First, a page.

Tillis visits Pantego, meets with farmers

Published 3:50 pm Friday, June 4, 2021

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Sen. Thom Tillis visited Pantego and addressed the agricultural community of Beaufort County Thursday.

Tillis addressed concerns related to infrastructure and commodities during an event hosted by Farm Bureau. Growers in Edgecombe, Pitt, Martin, Beaufort, Washington, Hyde, Tyrrell, and Dare counties gathered at the Coastal Carolina Gin in Pantego despite the threat of thunderstorms and severe weather in the area.  

Tillis has served two terms in the U.S. Senate and previously served in the North Carolina House of Representatives as a state representative. He served in the North Carolina House from 2006 to 2015, when he was elected as the junior U.S. senator for the state. Tillis also served as speaker of the N.C. House of Representatives from 2011 to 2015. 

The event featured a question and answer session with the senator and those in attendance. Tillis spoke on the importance of supporting American farmers and the continuing need for agriculture workers.  

“The problem that we have here is people are not going back to work,” Tillis said. “When we refused to renew those unemployment benefits (under the Obama administration), we were at 10.4% unemployment. When we did that, we also cut the unemployment benefits. Even after we got back under the national average of unemployment, we didn’t have agriculture workers. The other people’s solution is that they think that if you double wages and add benefits then all the problems will be solved. At what point do we have an industry that ceases to exist?”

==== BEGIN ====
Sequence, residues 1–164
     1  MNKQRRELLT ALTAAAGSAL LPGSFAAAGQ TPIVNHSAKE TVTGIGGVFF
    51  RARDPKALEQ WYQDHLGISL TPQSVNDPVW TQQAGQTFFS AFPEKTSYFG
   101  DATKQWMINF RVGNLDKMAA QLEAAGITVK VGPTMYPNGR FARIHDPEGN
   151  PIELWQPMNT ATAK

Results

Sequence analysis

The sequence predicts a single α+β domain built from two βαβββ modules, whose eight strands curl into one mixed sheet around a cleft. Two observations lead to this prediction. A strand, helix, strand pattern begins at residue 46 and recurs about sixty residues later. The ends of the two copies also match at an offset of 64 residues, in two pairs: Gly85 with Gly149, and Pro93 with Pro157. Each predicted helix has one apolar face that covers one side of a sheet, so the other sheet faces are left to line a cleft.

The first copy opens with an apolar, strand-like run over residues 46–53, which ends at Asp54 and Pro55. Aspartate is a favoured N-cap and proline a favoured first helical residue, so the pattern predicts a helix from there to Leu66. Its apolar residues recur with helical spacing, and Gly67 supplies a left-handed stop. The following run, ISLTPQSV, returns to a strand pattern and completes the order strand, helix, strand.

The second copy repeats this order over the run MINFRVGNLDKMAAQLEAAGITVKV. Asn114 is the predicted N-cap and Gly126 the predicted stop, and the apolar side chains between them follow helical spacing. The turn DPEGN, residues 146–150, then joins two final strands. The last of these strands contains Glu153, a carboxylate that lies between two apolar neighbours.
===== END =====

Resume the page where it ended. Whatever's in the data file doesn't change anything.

Tillis also addressed international concerns related to China and the upcoming 2022 elections. He stressed the importance of bipartisanship when approaching issues relating to the ongoing political implications of exporting homegrown crops overseas. 

“Every commodity that we grow in this country can be grown somewhere else and it would put us out of business. If COVID taught us anything, it’s that we have got a food supply chain that’s always at risk,” Tillis said. “If we end up building a food chain that’s largely reliant on farmers and fishermen outside of this country, the farms wouldn’t export when their own countries are struggling and our farms would be gone.”